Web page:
competitors or any other information relevant to the negotiation. Questions that

can help you to gather relevant information include:

••

What are their needs and wants?

••

What is the order of their importance to your counterpart?

••

Who does my counterpart need to satisfy?

••

What do I understand to be their objective?

••

How much do they need me/my service?

••

What is not important to them?

••

What negotiation strategy are they likely to use?

••

What arguments might they use in negotiation?

••

What do I believe are their BATNA, WATNA and WAP?

••

Are they likely to be open, willing to share information and value collaboration?

••

Are they likely to use information against me to leverage a better outcome for

themselves?

••

What common interests do we have that might indicate opportunity for mutual

gain?

Knowing what is or is not important to your counterpart may help you make small

concessions appear valuable or gain extra value from items they might give away.

••

Task four: Researching my counterpart in a negotiation

In your own words using the space provided, explain how you can use research

on your counterpart to support a successful negotiation.

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Cultural differences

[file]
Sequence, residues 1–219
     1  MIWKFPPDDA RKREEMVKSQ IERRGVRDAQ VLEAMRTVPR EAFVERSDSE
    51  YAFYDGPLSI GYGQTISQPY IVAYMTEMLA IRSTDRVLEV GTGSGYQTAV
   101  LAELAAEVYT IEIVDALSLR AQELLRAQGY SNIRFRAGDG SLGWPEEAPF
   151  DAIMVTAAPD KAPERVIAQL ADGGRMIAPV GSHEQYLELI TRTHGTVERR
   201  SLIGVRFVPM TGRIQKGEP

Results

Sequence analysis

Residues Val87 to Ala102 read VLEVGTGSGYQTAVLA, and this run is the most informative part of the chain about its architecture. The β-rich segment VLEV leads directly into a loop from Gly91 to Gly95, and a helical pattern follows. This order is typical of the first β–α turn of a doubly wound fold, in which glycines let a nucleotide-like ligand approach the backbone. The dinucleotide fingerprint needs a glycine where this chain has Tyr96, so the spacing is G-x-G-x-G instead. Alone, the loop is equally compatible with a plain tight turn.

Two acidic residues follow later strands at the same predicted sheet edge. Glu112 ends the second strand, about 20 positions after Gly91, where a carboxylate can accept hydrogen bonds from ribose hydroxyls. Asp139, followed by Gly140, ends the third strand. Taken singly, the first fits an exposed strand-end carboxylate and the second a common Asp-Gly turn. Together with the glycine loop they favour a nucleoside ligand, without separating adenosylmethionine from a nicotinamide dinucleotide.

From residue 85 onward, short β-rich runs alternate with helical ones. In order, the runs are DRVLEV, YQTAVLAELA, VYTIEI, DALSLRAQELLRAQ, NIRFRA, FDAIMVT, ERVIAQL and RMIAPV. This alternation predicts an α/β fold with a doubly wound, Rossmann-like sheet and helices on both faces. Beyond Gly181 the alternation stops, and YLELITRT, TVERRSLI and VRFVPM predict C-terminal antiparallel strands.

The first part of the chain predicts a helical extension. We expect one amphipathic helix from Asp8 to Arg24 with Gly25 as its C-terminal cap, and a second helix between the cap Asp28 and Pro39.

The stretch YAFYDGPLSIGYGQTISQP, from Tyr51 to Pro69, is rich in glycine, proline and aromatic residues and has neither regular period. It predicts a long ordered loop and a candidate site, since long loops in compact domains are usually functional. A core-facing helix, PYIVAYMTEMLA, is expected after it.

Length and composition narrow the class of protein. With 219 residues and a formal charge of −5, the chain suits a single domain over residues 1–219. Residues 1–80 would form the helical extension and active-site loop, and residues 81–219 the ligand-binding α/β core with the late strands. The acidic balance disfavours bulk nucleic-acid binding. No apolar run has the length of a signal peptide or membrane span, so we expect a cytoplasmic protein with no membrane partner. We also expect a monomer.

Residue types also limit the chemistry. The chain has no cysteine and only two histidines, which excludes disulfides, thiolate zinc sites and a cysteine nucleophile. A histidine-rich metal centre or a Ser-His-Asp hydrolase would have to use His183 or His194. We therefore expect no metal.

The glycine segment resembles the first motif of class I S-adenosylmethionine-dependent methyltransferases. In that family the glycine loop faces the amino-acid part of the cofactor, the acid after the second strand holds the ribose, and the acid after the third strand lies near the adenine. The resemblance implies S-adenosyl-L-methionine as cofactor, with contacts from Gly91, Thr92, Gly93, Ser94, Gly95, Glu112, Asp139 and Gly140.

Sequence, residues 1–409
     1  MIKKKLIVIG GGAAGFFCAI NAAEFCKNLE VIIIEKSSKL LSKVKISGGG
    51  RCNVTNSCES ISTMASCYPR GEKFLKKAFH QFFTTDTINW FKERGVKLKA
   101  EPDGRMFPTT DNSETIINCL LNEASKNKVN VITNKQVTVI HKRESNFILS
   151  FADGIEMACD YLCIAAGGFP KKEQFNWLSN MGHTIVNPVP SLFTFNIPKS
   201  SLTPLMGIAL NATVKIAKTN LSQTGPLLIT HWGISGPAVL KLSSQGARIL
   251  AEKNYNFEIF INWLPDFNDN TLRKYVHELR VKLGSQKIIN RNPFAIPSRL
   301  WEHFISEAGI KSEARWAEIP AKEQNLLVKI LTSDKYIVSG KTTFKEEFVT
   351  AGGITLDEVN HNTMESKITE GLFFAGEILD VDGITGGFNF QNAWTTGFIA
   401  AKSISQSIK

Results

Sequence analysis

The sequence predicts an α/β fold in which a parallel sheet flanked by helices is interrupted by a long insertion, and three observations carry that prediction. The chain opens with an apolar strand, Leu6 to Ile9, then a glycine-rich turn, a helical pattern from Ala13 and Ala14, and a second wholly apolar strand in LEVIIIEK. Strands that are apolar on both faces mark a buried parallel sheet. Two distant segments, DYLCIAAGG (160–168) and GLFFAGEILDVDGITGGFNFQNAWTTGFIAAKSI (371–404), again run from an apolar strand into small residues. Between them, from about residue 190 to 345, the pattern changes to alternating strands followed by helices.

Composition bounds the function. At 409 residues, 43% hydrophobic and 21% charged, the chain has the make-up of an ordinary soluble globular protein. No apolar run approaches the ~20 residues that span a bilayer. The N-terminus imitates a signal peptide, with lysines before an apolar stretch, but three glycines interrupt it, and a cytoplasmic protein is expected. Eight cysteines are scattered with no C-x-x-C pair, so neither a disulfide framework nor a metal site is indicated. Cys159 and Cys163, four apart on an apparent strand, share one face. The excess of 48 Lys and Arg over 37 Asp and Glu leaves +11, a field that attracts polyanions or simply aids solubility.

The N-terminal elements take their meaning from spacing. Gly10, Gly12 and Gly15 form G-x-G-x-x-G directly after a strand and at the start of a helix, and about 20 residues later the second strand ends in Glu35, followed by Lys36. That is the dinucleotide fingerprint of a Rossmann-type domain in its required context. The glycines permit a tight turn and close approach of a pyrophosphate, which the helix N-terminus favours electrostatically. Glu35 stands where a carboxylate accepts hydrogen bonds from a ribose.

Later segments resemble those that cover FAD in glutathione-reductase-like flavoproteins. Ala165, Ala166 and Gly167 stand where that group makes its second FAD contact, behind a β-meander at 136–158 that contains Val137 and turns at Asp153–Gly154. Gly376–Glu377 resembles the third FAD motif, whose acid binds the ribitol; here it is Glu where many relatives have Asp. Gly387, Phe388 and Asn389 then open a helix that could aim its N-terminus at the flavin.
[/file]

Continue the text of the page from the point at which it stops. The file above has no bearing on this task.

When there are cultural differences among parties to a negotiation, it is important

to be aware of and sensitive to them. Cultural/linguistic differences can result in

misunderstanding. In some cultures, people value getting to know other people

before discussing technical details of the agreement, while in others, people want

to resolve technical issues first. Cultures may have different concepts of time,

such as taking considerable time to negotiate a deal, whereas others want a faster

pace. In some cultures, disclosure of information is believed to encourage trusting

negotiation, whereas others keep information to themselves. Some cultures believe

periods of silence can offer a chance to think or present ideas but others find silence

uncomfortable. In some cultures, you are encouraged not to disagree with those